Netflix is a streaming service that allows you to watch a variety of television shows and films from your computer, mobile device, gaming console or smart TV. The company uses its own global network of storage servers, known as a content delivery network (CDN), to deliver content quickly and efficiently across the world. This network is made up of about 1,000 storage systems and with each server storing approximately 100TB of data, they're able to stream between 10,000 and 20,000 movies and television shows at any given time.

This huge library consists of thousands of TV shows and movies in Australia, including Netflix exclusives like House of Cards, Daredevil and Orange is the New Black.

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What's the difference in price?

If you're considering Hulu or Netflix, it’s important to take pricing into consideration. Currently, Hulu is going to set you back US$5.99 (about AUD$8.50) and on top of that you’ll be paying an additional fee to set up a (secure) VPN.

There’s also the risk that Hulu will recognise your account is being streamed from another country and your subscription could potentially be cancelled, causing you to lose any credit you’d purchased in the process.

Now that Netflix is available in Australia, it offers a much more attractive pricing model. Netflix will cost you $9.99 for single streaming and SD, $13.99 for double streaming and HD and $19.99 to stream four separate devices in Ultra HD (4K).

Another thing worth considering when comparing these two services is data usage. A fixed monthly cost is all well and good, but if you don’t have the data allowance to support high-quality streams, you’ll likely end up forking out more money for excess fees.

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What's the difference in content?

Hulu has a slight advantage over Netflix here due to its partnerships with many big-name US television networks. These connections allow for Hulu to stream loads of popular television shows immediately after airing. This might be handy for users who enjoy scheduled viewing and mainstream American networks like NBC, ABC and Fox.

Where Hulu aims to appease viewers of serialised television shows, Netflix takes the "binge" approach to consumer entertainment. Netflix will usually wait until an entire series is released before adding it to its line-up. It even releases entire seasons of its exclusive content like House of Cards, Daredevil and Orange is the New Black all at once. Netflix has completely overhauled the traditional model of week-to-week viewing by giving you everything you need in one go.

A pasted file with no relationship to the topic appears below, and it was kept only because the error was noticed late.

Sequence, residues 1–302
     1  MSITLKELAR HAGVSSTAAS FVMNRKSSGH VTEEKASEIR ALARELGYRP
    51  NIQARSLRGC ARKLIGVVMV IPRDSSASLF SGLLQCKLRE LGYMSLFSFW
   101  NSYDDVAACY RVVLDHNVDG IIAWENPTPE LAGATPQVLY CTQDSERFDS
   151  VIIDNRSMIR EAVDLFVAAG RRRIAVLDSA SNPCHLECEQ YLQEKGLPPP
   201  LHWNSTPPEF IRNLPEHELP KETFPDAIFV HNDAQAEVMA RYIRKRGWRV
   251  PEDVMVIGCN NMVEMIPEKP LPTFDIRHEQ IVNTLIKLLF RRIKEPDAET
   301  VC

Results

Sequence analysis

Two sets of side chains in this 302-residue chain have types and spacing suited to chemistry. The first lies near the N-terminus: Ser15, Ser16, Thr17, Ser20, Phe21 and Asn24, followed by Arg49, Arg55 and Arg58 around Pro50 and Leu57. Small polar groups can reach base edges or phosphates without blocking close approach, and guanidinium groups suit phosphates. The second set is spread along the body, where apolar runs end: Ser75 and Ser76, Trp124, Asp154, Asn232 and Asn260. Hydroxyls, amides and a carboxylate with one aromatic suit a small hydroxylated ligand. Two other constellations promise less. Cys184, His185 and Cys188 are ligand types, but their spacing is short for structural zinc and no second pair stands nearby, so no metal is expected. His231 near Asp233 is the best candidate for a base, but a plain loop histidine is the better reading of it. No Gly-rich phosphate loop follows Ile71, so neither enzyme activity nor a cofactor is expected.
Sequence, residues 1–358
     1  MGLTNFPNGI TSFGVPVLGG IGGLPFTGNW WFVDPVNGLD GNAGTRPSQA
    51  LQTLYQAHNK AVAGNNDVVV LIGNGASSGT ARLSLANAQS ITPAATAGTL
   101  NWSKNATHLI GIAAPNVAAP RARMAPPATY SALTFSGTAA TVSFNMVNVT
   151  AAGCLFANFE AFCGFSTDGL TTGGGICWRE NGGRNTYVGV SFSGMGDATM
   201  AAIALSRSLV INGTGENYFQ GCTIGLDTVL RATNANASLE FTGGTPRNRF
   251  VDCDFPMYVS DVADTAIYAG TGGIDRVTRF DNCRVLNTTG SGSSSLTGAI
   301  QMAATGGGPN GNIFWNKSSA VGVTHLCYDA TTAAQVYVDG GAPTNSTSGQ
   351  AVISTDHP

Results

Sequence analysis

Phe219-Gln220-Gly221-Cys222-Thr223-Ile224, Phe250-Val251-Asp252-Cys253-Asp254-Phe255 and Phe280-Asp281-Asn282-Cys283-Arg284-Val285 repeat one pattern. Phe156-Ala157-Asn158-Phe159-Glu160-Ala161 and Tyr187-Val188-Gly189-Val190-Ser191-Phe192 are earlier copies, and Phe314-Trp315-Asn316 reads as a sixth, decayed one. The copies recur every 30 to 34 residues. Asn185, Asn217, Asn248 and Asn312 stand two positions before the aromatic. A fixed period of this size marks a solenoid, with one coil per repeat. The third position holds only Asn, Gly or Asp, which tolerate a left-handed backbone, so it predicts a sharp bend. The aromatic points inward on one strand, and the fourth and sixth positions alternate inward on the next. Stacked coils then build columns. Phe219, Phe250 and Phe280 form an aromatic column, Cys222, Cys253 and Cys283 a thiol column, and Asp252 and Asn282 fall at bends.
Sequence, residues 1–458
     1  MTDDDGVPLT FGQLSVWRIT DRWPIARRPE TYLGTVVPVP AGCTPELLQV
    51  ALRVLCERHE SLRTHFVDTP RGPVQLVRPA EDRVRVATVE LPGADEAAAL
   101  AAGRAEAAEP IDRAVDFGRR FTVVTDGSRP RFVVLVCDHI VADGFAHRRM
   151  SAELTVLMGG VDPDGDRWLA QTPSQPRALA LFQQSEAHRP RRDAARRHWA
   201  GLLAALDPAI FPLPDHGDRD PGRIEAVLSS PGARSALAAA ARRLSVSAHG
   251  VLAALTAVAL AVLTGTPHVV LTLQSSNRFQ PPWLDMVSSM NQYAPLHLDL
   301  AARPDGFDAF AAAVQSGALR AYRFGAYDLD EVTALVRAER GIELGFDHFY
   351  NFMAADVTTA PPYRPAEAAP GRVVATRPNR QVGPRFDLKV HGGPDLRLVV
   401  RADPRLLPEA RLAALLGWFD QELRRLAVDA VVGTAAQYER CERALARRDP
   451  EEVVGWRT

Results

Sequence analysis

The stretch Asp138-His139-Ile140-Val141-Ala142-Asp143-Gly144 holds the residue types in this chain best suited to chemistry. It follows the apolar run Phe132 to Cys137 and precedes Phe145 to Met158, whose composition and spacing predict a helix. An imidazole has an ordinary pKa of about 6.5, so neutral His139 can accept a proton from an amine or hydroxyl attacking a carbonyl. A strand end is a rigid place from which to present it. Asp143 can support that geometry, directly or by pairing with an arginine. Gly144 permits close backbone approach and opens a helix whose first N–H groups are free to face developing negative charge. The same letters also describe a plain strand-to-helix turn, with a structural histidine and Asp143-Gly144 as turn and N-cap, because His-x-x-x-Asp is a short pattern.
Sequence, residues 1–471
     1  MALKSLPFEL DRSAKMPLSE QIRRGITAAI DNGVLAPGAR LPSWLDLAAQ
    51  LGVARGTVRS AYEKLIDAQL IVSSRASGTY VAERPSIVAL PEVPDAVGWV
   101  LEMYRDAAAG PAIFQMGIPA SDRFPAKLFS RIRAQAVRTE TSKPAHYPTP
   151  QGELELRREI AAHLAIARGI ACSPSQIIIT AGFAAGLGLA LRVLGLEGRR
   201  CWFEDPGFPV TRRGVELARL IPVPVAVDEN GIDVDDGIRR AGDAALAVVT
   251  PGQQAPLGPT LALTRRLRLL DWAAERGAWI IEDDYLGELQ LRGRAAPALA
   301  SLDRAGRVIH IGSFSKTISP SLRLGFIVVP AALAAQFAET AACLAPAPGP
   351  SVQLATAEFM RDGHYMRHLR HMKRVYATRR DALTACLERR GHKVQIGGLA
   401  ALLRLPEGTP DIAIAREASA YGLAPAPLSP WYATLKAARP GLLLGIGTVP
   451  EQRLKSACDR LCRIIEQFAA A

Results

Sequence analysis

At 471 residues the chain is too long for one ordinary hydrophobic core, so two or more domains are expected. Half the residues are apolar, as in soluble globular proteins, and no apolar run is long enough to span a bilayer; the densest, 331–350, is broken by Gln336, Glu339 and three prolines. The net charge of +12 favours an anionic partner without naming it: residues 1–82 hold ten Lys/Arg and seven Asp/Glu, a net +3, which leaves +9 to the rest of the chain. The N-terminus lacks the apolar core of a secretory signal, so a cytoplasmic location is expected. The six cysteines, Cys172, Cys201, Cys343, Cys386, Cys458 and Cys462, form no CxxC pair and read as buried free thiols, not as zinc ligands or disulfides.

At the moment, Netflix Australia offers around 1,500 shows and 3,400 movies, which is quite a step up from the 200-odd shows and 1,200 movies it launched with. Best of all, Netflix is constantly adding new content. One of the most prolific categories of the Netflix catalogue is the children’s section, with a designated "Kids" section of the application where you can let children freely explore options without the worry of them running into any inappropriate content.

Still, many Aussies remain disappointed at the lack of prime-time US TV content currently available on Netflix. The rights to shows like The Walking Dead, Game of Thrones and Westworld have been snapped up by competing services, and Netflix has made it quite clear its focus going forward is on more original content rather than licensing shows and movies from other networks.

So, what's the final verdict?

Hulu definitely offers up a huge variety of serialised shows, like Scandal. But with the added cost of a VPN and the risk of having your subscription canned, it doesn’t really seem worth it.

Netflix offers more than enough exclusive and existing content, and if you’ve got children in the household, the Kids section is nearly too good to pass up. But for now you’ll have to stick to free-to-air or other paid TV services to get your trash-TV fix.

Toodle-oo, Hulu. Netflix wins this round.

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2 Responses

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    KarlNovember 17, 2015

    I got a Kogan 55″ kaled55uhdzb. If I purchase goole Chromecast will it work?

      Default Gravatar
      BrodieNovember 17, 2015

      Hi Karl,

      So long as it has an HDMI input you should have no problem using Google Chromecast.